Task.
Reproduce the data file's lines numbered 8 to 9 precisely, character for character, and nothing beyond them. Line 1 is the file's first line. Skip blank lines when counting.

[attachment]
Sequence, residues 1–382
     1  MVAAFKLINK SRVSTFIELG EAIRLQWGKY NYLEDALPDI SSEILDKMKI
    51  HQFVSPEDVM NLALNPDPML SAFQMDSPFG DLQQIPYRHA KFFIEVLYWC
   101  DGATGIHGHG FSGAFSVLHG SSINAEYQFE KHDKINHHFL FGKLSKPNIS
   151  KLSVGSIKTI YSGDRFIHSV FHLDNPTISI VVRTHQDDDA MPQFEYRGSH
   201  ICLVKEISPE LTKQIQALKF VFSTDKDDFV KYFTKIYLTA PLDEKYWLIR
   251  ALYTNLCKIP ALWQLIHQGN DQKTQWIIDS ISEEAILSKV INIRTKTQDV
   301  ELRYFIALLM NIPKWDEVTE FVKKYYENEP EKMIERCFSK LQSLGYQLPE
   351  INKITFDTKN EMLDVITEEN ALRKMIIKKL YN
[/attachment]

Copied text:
   301  ELRYFIALLM NIPKWDEVTE FVKKYYENEP EKMIERCFSK LQSLGYQLPE
   351  INKITFDTKN EMLDVITEEN ALRKMIIKKL YN